On Aug. 26, 2011, Barnwell pleaded guilty to conspiring to violate the civil rights of the residents and using fire in the commission of that offense. Barnwell also pleaded guilty to possessing a firearm as a convicted felon. District Judge Billy Roy Wilson sentenced Barnwell to 20 years in prison for the three counts against him.
During his plea, Barnwell admitted that, on the night of Jan. 14, 2011, he hosted a party where he and three other men, Jake Murphy, Dustin Hammond and Gary Dodson, devised a plan to firebomb the victims' house. The men then went to the victims' house in Hardy and, when they arrived, Barnwell, Murphy and Hammond constructed three Molotov cocktails and threw them at the house. The Molotov cocktails ignited and damaged the house; however, the victims were not injured in the incident and were able to quickly extinguish the flames, before reporting the incident to the Hardy Police Department and Sharp County Sheriff's Department.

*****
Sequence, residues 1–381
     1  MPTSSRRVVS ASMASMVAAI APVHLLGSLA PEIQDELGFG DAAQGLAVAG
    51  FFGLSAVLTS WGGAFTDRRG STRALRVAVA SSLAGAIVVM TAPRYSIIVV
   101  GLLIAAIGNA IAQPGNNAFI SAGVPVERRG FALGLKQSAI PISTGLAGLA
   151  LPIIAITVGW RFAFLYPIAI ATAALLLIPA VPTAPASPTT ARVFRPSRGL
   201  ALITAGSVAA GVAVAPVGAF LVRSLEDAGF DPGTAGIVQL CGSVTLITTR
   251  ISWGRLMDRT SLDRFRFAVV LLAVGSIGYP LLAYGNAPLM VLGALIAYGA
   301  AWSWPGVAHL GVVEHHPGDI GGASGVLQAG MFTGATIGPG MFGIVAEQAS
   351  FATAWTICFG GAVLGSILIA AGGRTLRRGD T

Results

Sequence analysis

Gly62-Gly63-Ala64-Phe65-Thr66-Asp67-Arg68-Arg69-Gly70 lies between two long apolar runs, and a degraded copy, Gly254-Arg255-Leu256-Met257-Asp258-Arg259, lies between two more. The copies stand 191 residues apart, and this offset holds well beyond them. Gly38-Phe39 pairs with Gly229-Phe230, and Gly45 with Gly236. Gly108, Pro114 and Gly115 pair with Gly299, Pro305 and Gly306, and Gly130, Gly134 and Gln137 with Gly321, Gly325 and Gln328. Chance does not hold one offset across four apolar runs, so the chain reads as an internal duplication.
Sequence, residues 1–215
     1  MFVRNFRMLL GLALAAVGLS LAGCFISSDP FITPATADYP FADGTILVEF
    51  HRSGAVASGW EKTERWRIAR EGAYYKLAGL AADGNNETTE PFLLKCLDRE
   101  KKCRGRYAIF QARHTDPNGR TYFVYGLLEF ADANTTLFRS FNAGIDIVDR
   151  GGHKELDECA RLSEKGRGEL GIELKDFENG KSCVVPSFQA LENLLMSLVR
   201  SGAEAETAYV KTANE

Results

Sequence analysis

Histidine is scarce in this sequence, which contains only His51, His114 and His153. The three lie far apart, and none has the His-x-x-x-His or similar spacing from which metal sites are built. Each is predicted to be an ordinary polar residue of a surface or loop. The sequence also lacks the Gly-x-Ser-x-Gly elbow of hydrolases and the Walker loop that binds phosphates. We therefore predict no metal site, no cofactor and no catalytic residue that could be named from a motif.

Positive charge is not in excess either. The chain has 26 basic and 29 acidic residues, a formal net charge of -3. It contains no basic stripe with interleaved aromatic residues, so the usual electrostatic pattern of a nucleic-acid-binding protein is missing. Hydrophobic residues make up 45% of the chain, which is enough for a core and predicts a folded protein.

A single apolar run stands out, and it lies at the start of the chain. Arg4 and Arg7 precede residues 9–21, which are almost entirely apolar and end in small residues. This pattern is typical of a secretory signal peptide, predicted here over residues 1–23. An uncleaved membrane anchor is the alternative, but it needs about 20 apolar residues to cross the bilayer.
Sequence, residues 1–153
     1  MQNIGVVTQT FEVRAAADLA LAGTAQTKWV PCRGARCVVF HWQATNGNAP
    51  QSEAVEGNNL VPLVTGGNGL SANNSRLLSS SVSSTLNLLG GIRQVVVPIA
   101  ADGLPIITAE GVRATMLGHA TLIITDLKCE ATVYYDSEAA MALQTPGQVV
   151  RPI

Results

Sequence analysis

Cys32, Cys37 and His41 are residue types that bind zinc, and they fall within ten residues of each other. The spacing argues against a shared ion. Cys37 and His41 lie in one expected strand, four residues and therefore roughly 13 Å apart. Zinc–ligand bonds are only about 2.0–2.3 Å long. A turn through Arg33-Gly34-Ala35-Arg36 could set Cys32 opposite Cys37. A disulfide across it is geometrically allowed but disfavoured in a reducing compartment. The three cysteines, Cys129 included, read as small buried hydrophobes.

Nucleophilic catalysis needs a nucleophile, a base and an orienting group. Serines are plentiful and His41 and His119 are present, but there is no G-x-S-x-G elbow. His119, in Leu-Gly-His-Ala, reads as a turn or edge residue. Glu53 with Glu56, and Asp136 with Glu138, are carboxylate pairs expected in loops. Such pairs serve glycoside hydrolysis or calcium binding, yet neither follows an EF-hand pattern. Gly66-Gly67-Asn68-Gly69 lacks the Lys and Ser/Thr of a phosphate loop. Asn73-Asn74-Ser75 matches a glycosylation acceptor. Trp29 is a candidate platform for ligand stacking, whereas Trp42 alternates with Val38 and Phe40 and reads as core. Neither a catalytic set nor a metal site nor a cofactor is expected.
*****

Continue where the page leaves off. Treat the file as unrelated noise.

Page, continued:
Murphy and Hammond have already pleaded guilty to civil rights violations for their roles in the crime. Both defendants received sentences of 54 months, and will receive three years of supervised probation upon release.
In June 2011, Wendy Treybig, who co-hosted the party with Barnwell, pleaded guilty to obstructing justice. She was sentenced on Dec.13, 2011, to 21 months in prison, and three years of supervised probation. Gary Dodson pleaded guilty on Dec.7, 2011, and will be sentenced on April 6, 2011.
"This defendant not only committed acts of race-based violence, but recruited others to commit these hate-filled crimes as well. There is no place in our society for criminal acts such as these," said Thomas E. Perez, Assistant Attorney General for the Civil Rights Division in a press release. "The Justice Department will continue to vigorously prosecute individuals who commit such atrocious acts."
During his sentencing, Barnwell expressed regret for years of living as a "devout racist." Barnwell said he has had a change of heart while working with the chaplains who regularly visit the Clinton County Jail, where Barnwell has been housed.
"If I could do anything to make it right with these people, I would," Barnwell tearfully told the judge. "I'm a better man than I was."
In addition to local police agencies, the case was investigated by the Little Rock Office of the FBI and the Little Rock Office of the Bureau of Alcohol, Tobacco, Firearms and Explosives, with assistance from the Arkansas State Police.